A discipline is emerging called “cultural psychology.” It is not general psychology. It is not cross-cultural psychology. It is not psychological anthropology. It is not ethnopsychology. It is cultural psychology. And its time may have arrived, once again.
While the authors in this volume were never asked to define or explicitly address the idea of a cultural psychology, several of the chapters turned out to be examples of it. They inspired this essay – which is a preliminary attempt to say, taxonomically and narratively, and briefly – what the discipline of cultural psychology was, is, and ought to be about. Ultimately it is a story of cyclical return.
In the short run, however, the essay is a story of one of the pitfalls of the “cognitive revolution” of the 1960s, the failure of the cognitive revolution to develop an adequate theory of the “person,” because of the prevailing Platonism implicit in its scientific agenda. The essay is also a scouting expedition across the boundaries of some very treacherous disciplinary territories in the search to recover an important interdisciplinary identity.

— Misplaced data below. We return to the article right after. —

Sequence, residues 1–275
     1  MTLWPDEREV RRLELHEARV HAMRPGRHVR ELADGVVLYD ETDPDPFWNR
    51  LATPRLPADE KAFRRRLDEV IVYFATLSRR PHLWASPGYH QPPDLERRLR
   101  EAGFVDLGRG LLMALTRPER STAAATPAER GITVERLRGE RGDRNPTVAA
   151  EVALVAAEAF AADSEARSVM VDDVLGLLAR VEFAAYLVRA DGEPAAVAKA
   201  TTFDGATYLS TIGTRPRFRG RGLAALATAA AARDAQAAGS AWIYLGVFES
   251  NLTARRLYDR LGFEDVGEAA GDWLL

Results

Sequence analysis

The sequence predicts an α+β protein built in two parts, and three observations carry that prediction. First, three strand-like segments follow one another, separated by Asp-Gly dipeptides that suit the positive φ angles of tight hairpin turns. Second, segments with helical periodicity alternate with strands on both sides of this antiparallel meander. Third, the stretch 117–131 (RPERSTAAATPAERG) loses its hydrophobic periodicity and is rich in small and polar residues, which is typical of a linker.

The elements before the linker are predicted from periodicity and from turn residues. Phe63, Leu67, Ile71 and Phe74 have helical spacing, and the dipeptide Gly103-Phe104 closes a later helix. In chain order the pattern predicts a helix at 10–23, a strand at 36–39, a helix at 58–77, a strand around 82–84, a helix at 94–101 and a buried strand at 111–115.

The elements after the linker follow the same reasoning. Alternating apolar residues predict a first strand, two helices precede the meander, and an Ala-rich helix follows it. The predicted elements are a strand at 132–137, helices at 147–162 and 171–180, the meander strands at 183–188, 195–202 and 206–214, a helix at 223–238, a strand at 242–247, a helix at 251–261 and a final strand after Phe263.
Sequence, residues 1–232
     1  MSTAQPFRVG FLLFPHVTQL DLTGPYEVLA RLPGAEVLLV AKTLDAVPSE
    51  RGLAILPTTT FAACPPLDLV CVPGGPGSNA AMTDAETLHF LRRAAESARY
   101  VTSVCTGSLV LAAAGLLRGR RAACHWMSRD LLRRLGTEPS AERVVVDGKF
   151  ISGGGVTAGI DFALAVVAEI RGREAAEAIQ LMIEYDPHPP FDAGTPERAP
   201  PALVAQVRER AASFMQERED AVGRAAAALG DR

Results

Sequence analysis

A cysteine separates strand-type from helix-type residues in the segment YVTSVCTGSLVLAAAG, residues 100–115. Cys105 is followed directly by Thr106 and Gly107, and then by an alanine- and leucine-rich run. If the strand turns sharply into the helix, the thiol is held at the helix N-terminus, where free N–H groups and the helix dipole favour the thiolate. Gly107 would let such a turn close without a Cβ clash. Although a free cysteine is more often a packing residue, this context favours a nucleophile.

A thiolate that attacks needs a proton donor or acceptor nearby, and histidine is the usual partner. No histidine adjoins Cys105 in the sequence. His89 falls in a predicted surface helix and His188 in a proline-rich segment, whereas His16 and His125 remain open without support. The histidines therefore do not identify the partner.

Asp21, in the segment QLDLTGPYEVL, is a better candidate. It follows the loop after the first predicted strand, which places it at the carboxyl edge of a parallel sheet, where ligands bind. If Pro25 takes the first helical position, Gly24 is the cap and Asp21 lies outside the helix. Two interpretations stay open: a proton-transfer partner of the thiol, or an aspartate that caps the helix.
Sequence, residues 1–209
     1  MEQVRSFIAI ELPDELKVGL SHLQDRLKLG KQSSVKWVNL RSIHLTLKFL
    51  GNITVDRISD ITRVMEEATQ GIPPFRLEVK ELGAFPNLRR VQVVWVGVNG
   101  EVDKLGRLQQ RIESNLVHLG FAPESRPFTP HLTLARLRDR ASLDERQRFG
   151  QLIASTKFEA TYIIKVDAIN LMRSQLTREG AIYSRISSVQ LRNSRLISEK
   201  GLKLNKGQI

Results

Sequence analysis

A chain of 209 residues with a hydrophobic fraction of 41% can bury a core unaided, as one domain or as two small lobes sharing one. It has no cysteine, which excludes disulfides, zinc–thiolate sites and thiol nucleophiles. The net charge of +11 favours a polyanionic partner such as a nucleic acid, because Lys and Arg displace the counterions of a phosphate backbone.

Cultural psychology is the study of the way cultural traditions and social practices regulate, express, transform, and permute the human psyche, resulting less in psychic unity for humankind than in ethnic divergences in mind, self, and emotion. Cultural psychology is the study of the ways subject and object, self and other, psyche and culture, person and context, figure and ground, practitioner and practice live together, require each other, and dynamically, dialectically, and jointly make each other up.